Her most recent project is about Martin Luther King. This year, April 4, 2018, it was 50 years ago that Martin Luther King was murdered in Memphis. She wanted to do something with it for a long time, also because of the hardening of the political discussion and the more frequent racism. She had 50 images of King, 50 centimeters. One of them is behind me. She made a unique QR code on the sculptures in the public space so that people could find out what the reason and origin was. She sent the sculpture to authorities and special persons. The National Civil Rights Museum in Memphis, Tennessee, the place where he was murdered, received one, the Nobel Museum in Stockholm (King received the Nobel Peace Prize in '64), the Amsterdam Museum, Museum van Loon, the Public Library Amsterdam. It went to people like Adriaan van Dis, Sylvana Simons, Lilianne Ploumen, Jerry King Luther Afriyie. And to places in the public space as in the Westerkerk, the statue of Multatuli by Hans Bayens and the Kerwin Duinmeijer monument in the Vondelpark, Mama Baranka by Nelson Carrilho. There the statue was stolen by a tramp. "The police picked him up and the thief had to hand over the statue. That was the umpteenth time that King ended up at the police station ... Also in other places the sculpture has disappeared or been destroyed. For example, at the large statue of Nelson Mandela in The Hague at the Museon, Long Walk to Freedom by Arie Schippers. But it persisted for a long time, three months. You know it's going to happen and yet it is annoying. At the Westerkerk I have removed the statue myself in connection with King's Night. When I did that I was addressed by a man who had taken care of it. He kept a constant eye on it. "
The sculpture kept standing the longest next to the statue of Anton de Kom by Jikke van Loon at the Anton de Komplein in Amsterdam South-East. And it is also still there in the Martin Luther King Park in Amsterdam South. The municipality even put it on a wooden pedestal. "It was first stuck to a trash can. The district found that not so neat. It is now being talked about to have the sculpture executed in bronze. Because a bronze statue of Martin Luther King of course belongs to the Martin Luther King Park. It will be realized partly with the help of crowdfunding in 2019. "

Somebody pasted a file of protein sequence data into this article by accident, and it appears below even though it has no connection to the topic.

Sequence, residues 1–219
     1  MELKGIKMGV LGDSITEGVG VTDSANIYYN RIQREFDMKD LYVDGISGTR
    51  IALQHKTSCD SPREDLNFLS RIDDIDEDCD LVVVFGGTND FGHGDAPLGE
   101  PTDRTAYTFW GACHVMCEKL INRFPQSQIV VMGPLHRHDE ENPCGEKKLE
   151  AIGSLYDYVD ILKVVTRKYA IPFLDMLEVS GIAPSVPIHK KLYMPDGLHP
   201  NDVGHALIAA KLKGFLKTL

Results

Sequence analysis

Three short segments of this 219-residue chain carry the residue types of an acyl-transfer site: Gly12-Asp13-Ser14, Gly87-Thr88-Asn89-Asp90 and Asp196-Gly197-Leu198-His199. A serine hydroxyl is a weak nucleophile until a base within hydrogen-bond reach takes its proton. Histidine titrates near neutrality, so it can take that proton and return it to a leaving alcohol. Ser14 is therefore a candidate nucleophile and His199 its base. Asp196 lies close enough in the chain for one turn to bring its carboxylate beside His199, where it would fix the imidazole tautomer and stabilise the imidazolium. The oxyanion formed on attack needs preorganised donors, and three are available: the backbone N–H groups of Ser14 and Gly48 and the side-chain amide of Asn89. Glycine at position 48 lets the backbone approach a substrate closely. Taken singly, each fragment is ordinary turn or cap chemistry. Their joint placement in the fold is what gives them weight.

Does she have a key work? "It all happens to me in my head. While thinking and doing, I sometimes run into something. So I came to the murder weapons through the photographing of murder places and I continued with that. There is not one work that has made the difference, but there is a clear line in my work. The medium is not leading, I do not just paint, I also make rugs and sculptures. Strangely enough, I find painting increasingly difficult. "
To get by, Airco is also freelance graphic designer and art director. "It's about fifty-fifty. At the end of the year it turns out to be more or less in balance. "
She recently had an exhibition in Abcoude in the Gemeen-goed space. "It was a kind of mini-oeuvre exhibition of my work from the past ten years. From a distance I saw all kinds of work in dialogue with each other, even though it was still so different and there were years between. I saw new connections. That was an eye-opener."
1) Martin Luther King Anton the Kom Square, Amsterdam South-East, 2) Monument for Martin Luther King, Free University, VU Amsterdam, 3) Monument for Martin Luther King, Museum van Loon, 4) 100 murders and 1 suicide, Division Street, New York, 5) Weapon Other, Unusual Murder weapons acrylics and oils on textile and canvas, 30x35 and 60x70cm, 6) Still Life, Mis en place poisonings, Josilda da Conceicao Amsterdam, 7) Still Life RGB, Gemeen-Goed, Abcoude, 8) War Rug Allahu Akbar and OMG, 150x200cm, IJsselbiennale, Koelhuis Zutphen, 9) War Rug Vacuum, 120x150cm, Popinnart Amsterdam, 10) A $ 172.6 Million Modigliani, oil on linen, 98x65cm, 11) A $ 1.6 Billion Booth, The Anti Art Fair, London, Martin Luther King Anton the Kom Square, Amsterdam South-East, 11) Monument for Martin Luther King, Free University, VU Amsterdam, 12) Made in China, oil on canvas, 16 parts 300x400cm, 13) Mini-oeuvre exhibition, 10-year 10 meters 35 paintings, Gemeen-Goed, Abcoude, 14) Airco Caravan